Wednesday, April 7, 2010

FACTBOX-Breast cancer screening policies in Europe and U.S.

Although experts are engaged in an acrimonious row over the balance of risks and benefits of routine screening, most wealthy nations currently have policies for regular mammograms after the age 40 or 50 to try to find tumours when they are small and more easily cured.

Here are some details of breast cancer screening guidelines in various developed countries:


-- Revised U.S. breast cancer guidelines released Nov. 16 by an influential advisory panel, the U.S. Preventive Services task force, recommended against routine mammograms for women in their 40s with an average risk of breast cancer -- a change the American Cancer Society and many other breast cancer experts rejected. -- The new proposed guidelines suggested women over 50 get a routine scan every other year instead of every year.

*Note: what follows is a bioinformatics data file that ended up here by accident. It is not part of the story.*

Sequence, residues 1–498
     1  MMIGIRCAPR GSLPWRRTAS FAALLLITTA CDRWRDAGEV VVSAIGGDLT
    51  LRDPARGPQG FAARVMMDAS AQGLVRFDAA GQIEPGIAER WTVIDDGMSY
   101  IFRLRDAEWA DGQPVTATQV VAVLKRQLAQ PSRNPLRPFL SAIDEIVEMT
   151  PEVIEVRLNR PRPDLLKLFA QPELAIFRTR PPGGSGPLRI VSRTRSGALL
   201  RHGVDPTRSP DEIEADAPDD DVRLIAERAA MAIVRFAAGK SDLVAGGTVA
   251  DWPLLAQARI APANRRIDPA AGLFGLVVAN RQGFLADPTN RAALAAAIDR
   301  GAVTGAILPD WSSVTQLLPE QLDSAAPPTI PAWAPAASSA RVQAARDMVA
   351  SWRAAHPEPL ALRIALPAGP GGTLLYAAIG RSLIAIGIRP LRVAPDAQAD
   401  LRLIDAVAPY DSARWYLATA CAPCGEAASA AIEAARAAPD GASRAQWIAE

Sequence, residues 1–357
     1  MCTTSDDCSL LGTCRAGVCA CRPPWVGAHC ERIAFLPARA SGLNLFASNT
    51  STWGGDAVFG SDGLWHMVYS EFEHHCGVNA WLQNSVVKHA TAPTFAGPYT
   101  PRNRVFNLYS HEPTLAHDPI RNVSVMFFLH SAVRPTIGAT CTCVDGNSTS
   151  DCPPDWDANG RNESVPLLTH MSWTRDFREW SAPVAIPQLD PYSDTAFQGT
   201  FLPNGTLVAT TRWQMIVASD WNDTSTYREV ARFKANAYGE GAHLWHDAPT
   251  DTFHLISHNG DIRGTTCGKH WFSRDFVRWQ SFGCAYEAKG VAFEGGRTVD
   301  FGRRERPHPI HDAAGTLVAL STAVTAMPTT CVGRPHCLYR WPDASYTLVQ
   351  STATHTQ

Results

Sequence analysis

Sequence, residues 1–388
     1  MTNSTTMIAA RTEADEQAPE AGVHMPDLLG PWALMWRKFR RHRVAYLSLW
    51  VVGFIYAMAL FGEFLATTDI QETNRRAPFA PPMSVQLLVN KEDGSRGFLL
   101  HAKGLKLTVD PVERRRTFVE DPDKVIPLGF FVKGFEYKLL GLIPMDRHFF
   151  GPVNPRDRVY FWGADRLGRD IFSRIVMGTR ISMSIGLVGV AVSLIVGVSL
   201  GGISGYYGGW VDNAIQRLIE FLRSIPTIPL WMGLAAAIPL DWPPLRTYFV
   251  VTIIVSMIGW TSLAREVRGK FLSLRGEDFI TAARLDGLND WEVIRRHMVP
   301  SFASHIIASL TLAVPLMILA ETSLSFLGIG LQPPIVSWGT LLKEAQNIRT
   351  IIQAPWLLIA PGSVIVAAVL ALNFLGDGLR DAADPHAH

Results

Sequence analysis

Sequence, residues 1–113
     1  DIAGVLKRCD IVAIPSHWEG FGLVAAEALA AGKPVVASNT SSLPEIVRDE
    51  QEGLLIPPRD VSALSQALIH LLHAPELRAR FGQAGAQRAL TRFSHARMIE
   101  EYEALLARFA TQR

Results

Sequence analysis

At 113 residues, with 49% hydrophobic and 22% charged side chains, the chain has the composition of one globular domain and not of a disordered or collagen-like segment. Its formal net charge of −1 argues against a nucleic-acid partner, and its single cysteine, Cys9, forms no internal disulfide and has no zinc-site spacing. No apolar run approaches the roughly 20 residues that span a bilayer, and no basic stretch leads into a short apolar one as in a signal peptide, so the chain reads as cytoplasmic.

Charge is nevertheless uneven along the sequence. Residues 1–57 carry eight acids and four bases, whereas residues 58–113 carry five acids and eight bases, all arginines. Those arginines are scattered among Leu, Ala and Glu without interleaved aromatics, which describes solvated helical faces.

-- Women are invited for screening between the ages of 50 and 70 and offered mammograms every three years.

-- The government has proposed extending the offer of breast screening to women aged between 47 and 73 by 2012. As a result, around 400,000 more women will be screened each year.


-- Every two years for women aged 40 years and over.


-- Most programmes invite women in the 50-69 age range. In 2007 around 2.2 million were invited for screening of whom over 1.2 million were screened.


-- Every two years from age 50 to 69.


-- Every two years from age 50 to 69.


-- Every two years from age 50 to 69.


-- Every two years from age 50 to 74.


-- Every two years from age 50 to 75.


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